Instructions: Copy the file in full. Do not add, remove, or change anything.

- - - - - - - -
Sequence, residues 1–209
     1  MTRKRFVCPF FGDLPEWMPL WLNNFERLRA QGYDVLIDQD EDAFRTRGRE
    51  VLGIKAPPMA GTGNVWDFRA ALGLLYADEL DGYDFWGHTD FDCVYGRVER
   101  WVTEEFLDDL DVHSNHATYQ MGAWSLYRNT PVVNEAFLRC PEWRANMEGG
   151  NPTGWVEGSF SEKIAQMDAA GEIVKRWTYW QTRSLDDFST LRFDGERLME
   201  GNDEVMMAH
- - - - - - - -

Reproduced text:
Sequence, residues 1–209
     1  MTRKRFVCPF FGDLPEWMPL WLNNFERLRA QGYDVLIDQD EDAFRTRGRE
    51  VLGIKAPPMA GTGNVWDFRA ALGLLYADEL DGYDFWGHTD FDCVYGRVER
   101  WVTEEFLDDL DVHSNHATYQ MGAWSLYRNT PVVNEAFLRC PEWRANMEGG
   151  NPTGWVEGSF SEKIAQMDAA GEIVKRWTYW QTRSLDDFST LRFDGERLME
   201  GNDEVMMAH